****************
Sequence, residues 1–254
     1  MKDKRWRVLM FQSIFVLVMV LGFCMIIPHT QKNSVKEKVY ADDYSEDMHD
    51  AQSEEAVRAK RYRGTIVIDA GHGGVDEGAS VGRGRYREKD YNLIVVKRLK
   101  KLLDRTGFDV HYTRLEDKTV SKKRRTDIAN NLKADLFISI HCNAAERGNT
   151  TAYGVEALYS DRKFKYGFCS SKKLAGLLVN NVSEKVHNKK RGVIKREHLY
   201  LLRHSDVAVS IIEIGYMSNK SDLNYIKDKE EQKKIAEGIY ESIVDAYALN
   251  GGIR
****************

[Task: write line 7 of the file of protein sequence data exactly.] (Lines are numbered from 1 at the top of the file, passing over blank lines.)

   251  GGIR